The fact that the event was held virtually meant that far more guests than in previous years had the opportunity to participate. In addition to 30 presentations in a total of 11 sessions, the conference included a keynote speech on regional funding programmes by Danny Yagan, assistant professor at the University of California at Berkeley, and a high-profile policy session focusing on tax policy measures to overcome the coronavirus-induced recession.
Development programmes for economically weak regions: A redistribution measure?
In his keynote, Yagan highlighted the extent to which regional economic development programmes can be used as an additional instrument for efficiently redistributing income within society. The findings of his study stand in contrast to the widely held thesis that it is disadvantaged people who should be supported and not disadvantaged places. Yet, in practice, there are many such development programmes that support places instead of people. The EU spends a third of its budget on such regional measures. Yagan explained in his presentation that the two main conditions for these measures to work are that the economic actors either have low regional mobility or experience little change in their income when they move elsewhere. Although classical economic models would also assume that regional funding would lead to an immediate immigration of skilled workers, empirically this is mostly not the case. Thus, he concluded that place-based funding can indeed benefit the local population of a region and thus contribute to reducing inequality in society.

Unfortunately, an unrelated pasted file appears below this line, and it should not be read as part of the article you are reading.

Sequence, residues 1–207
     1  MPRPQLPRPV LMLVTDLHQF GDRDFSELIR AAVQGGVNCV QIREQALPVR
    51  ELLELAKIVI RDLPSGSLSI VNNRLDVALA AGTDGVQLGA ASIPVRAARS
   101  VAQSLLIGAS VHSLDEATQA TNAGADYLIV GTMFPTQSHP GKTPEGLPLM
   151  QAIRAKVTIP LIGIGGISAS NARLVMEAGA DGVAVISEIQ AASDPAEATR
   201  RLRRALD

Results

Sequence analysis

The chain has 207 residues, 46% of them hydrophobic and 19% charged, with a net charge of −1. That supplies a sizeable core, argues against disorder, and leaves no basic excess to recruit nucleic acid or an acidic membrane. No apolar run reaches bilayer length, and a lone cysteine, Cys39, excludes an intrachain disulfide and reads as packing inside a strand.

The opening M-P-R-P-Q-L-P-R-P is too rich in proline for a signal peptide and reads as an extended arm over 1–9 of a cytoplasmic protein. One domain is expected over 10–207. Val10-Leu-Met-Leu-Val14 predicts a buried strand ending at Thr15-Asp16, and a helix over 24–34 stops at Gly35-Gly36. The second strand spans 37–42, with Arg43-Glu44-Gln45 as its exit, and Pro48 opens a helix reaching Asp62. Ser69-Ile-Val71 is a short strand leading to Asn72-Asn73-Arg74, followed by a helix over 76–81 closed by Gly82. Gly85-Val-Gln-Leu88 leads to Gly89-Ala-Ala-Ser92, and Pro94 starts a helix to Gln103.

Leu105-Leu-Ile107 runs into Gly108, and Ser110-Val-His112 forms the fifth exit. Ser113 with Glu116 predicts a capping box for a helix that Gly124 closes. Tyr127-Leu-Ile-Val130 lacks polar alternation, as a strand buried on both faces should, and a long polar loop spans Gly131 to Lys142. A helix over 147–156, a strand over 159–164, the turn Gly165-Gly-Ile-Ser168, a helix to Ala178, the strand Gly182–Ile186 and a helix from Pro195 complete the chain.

Tailor-made and adaptive taxation measures to overcome the coronavirus crisis
The highlight of this year’s conference was the policy session on tax policy measures to cope with the coronavirus-induced recession. The top-class panel was moderated by MannheimTaxation spokesperson Professor Christoph Spengel. The discussion started with contributions by Professor Michael Devereux, director of the Oxford University Centre for Business Taxation, by the Julius Kreeger Professor of Law at the University of Chicago, Dhammika Dharmapala, by Ruud de Mooij, chief of the Tax Policy Division in the IMF’s Fiscal Affairs Department, and by Professor Nadine Riedel, director of the Institute for Public and Regional Economics at the University of Münster. The panelists and the moderator emphasised the importance of adapting various tax policy measures to the new circumstances created by the pandemic. In this context, Christoph Spengel divided the pandemic development into three phases, i.e. the in-phase, the mid-phase, and the out-phase. The tax policy instruments discussed for these different phases range from tax deferrals and loss carry-forwards to ensure liquidity in the first phase, to the promotion of investments through faster write-offs in the second phase, to the expansion of possible loss carry-forwards in the last pandemic phase. The presentation of these tax measures was followed by a lively discussion on their advantages and disadvantages. Among the controversial issues discussed were the desirability and optimal duration of measures to prevent corporate insolvencies.